The Goddess-When she bleeds

Women in Indian society are lucky chaps – they are compared with Goddesses. A girl who excels in academics is Saraswati, one who is good in household stuff is Laxmi, and the corporate lady who rushes home to prepare dinner for husbands and kids is, of course, Durga. So unlike our Western sisters we are always in a better position. We stay safely on a pedestal, with the whole society looking up to us, respecting us, never ever doing the travesty of asking us for a drink (are you serious?) or casual sex (doesn’t exist in India!) .

In the north-east state of Assam, there is a famous temple called the Kamakhya temple. What separates Kamakhya from all the other goddesses is that she menstruates. Each year for three days in the monsoon season, the temple is closed on account of the yearly menstruation cycle of the goddess. A fair is held at that time, and after the three days, Prasad is distributed among the devotees, which consists of Angodak  (bodily fluid; water from the spring) and Angabastra (red cloth covering the body). Every year lakhs of pilgrims attend this festival and celebrate this festival of fertility.

The same doesn’t generally hold true for a Indian woman. Menstruating women are seen as unclean, filthy, even untouchables in some places. They are not allowed to enter a temple or to take part in an Anjali. In some parts of India, for those four days, they are secluded in a part of the house and forbidden to talk to any male members. In a lot of villages, women do not get the basic sanitary requirements; they have to rely on old recycled clothes which are troublesome and unhygienic, sometimes causing serious infection to the user. Even in urban India, still now, sanitary products are sold in black paper bags to hide them. The topic of periods is a taboo in schools, colleges, work places. But, ironically, in the same society, fertility is a big deal. So you should bleed silently and when the time comes, produce a baby. The Goddess can have it, but not a common woman.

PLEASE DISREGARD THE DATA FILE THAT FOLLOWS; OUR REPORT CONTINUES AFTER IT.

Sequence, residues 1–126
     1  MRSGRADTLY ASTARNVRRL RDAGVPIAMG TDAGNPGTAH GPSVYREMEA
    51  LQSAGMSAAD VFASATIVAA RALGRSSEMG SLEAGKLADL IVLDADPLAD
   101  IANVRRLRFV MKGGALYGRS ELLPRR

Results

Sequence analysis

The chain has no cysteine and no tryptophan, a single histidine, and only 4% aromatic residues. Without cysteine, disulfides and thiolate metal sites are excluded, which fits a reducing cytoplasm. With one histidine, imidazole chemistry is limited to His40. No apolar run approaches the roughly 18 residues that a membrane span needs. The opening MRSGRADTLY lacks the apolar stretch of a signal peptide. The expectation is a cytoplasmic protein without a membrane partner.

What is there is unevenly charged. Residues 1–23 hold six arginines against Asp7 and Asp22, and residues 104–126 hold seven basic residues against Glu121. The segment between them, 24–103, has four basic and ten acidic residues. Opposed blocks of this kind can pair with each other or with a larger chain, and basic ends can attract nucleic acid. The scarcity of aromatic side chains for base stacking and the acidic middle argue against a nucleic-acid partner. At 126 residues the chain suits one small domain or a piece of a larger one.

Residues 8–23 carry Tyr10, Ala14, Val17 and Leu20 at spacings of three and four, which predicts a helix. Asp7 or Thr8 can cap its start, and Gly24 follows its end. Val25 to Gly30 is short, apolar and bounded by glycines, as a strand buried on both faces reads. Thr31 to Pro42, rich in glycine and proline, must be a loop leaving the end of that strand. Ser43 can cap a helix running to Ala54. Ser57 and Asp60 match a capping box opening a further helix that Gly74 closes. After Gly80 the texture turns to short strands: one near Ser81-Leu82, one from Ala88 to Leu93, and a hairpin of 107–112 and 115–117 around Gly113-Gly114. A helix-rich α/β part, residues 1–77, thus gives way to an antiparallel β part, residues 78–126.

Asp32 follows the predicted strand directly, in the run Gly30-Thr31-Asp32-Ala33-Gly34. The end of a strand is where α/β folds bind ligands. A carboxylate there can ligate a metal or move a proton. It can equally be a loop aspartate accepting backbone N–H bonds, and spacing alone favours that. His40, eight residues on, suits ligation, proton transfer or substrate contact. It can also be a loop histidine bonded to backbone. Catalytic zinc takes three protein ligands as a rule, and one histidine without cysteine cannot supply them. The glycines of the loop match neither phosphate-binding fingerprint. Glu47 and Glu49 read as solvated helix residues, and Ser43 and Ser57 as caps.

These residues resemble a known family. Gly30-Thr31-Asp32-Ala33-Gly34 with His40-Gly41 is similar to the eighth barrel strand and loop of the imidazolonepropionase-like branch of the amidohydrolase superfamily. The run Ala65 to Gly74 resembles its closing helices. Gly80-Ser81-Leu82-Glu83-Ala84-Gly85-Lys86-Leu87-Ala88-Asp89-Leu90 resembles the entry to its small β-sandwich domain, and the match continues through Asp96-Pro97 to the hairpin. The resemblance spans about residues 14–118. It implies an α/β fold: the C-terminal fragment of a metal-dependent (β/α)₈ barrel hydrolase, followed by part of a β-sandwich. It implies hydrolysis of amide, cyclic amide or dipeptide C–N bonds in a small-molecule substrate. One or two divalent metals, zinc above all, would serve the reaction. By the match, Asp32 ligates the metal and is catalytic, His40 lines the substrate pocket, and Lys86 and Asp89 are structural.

Image Courtesy: http://www.menstrupedia,com

This post is a part of Write Over the Weekend, an initiative for Indian Bloggers by BlogAdda.

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One thought on “The Goddess-When she bleeds

  1. A very powerful and introspective write – a tight slap against the mindless social rules, time has come that they needed to be questioned and if need be changed.

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